Tuesday, October 14, 2008

Infestations, delusions and medication

Delusional parasitosis (DP) is a rare but debilitating condition characterized by the false belief that one is infested by parasites, mice and vermin. It occurs particularly in middle-aged or elderly men who live alone. Primary DP occurs on its own, whereas secondary DP occurs in conjunction with another mental or physical health problem. A review of 63 case studies looked into the effectiveness of second-generation antipsychotics (SGAs) in treating DP. It found that the drugs were effective after about 10 days with the maximum effect occuring after 6 weeks. For those people who stuck with treatment for 8 weeks all cases responded at least partially. Partial or full remission was reached in 69% of the situations where an SGA was introduced. Secondary DP was more likely to respond to SGAs than primary DP. Risperidone and olanzapine were most widely used and resulted in full or partial remission in 69 and 72% of cases respectively. More research is needed into this topic as such reviews of case studies are considered less reliable than other research.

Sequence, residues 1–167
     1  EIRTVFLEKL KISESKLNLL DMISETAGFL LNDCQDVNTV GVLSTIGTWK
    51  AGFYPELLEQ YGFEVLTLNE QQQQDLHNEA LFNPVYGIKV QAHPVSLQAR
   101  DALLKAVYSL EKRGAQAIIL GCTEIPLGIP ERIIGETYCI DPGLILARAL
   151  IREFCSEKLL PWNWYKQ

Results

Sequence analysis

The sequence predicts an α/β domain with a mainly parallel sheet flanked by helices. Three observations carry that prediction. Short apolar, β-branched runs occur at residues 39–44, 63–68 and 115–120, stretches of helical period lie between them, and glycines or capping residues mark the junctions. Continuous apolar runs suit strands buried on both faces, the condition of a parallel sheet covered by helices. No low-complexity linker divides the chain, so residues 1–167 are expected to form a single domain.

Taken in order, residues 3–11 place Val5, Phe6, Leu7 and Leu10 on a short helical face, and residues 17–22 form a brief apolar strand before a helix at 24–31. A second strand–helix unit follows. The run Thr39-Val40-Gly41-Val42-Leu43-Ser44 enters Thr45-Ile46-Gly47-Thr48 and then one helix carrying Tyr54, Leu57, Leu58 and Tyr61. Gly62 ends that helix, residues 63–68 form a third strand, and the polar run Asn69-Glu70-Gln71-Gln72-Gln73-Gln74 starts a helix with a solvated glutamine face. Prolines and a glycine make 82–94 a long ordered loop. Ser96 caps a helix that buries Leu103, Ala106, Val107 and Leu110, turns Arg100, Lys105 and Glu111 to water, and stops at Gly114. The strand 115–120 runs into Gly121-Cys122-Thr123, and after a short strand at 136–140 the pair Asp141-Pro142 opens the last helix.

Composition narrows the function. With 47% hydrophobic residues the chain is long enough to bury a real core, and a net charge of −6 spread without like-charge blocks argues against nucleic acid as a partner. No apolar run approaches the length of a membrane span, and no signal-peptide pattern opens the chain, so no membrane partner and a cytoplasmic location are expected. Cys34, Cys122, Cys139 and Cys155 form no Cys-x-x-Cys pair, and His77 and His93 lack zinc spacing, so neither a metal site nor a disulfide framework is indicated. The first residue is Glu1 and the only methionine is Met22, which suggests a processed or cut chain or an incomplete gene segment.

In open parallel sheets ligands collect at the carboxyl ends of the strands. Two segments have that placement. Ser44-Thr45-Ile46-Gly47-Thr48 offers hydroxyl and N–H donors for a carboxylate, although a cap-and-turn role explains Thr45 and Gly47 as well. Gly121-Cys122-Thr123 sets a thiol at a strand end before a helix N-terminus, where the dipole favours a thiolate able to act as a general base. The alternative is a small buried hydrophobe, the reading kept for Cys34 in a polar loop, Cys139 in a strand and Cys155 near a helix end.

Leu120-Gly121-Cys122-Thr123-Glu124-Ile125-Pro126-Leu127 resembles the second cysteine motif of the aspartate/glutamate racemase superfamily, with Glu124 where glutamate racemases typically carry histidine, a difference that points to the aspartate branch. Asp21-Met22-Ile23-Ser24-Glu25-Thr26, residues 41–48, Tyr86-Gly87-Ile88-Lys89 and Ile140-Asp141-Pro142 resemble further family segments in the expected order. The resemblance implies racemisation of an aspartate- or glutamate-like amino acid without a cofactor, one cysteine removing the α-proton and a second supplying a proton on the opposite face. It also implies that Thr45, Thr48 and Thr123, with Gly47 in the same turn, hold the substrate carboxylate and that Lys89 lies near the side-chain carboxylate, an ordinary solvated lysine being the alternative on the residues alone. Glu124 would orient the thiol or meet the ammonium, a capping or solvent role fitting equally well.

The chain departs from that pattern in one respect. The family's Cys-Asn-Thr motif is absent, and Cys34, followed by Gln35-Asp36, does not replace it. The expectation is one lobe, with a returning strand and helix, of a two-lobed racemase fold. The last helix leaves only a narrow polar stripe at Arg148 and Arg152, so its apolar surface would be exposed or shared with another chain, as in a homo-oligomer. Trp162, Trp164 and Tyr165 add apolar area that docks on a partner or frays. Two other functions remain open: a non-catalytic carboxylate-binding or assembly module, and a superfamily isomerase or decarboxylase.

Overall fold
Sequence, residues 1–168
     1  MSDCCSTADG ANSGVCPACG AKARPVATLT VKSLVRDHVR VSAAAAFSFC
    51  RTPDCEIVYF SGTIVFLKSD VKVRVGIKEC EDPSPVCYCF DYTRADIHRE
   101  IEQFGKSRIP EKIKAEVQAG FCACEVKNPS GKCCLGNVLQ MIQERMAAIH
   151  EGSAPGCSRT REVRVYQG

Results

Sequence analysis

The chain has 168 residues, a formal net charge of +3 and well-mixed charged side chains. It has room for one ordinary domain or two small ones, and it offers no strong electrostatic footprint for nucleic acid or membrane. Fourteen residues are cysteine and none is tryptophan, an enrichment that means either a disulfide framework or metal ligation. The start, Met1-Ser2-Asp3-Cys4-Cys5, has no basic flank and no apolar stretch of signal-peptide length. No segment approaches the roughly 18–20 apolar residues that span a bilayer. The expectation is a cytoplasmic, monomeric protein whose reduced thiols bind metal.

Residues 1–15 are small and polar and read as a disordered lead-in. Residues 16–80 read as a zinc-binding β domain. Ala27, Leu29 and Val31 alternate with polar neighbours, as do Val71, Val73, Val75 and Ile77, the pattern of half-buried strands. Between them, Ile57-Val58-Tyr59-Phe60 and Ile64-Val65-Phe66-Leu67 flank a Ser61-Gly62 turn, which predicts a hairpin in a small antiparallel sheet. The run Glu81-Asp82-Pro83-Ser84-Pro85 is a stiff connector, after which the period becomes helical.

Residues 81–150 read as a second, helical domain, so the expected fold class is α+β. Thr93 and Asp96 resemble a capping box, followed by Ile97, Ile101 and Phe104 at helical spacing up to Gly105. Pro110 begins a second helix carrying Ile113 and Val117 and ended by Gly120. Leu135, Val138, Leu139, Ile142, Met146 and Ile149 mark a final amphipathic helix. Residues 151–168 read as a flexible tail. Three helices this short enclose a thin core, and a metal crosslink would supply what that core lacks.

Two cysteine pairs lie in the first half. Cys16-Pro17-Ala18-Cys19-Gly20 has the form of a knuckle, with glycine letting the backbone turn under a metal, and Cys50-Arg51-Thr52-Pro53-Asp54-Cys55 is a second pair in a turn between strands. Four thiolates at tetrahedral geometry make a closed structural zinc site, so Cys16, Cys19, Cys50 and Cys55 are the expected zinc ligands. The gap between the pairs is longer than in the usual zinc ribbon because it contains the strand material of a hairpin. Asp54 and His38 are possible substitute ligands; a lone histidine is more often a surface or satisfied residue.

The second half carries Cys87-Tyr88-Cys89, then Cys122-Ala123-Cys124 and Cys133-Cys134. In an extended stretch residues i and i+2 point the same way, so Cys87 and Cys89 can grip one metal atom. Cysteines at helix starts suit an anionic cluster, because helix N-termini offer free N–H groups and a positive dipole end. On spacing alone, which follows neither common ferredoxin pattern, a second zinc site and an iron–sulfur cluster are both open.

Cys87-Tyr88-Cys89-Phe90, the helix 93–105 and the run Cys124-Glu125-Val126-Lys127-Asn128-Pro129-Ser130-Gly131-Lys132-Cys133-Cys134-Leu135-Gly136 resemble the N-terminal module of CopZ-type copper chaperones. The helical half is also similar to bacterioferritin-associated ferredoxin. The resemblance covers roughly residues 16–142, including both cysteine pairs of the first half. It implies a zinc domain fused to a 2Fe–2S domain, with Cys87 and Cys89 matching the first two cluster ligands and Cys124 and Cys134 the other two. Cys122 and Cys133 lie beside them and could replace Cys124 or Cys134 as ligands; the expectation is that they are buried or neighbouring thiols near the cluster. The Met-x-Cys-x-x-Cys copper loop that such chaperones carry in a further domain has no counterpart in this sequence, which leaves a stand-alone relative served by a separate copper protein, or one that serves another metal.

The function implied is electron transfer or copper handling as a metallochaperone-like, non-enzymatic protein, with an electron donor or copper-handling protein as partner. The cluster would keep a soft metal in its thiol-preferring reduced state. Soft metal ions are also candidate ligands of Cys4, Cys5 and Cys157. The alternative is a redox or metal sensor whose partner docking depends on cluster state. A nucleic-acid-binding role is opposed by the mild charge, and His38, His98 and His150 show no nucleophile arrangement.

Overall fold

Freudenmann, Roland W. and Lepping, Peter - Second-generation antipsychotics in primary and secondary delusional parasitosis: outcome and efficacy Journal of Clinical Psychopharmacology October 2008, 28(5), 500-508

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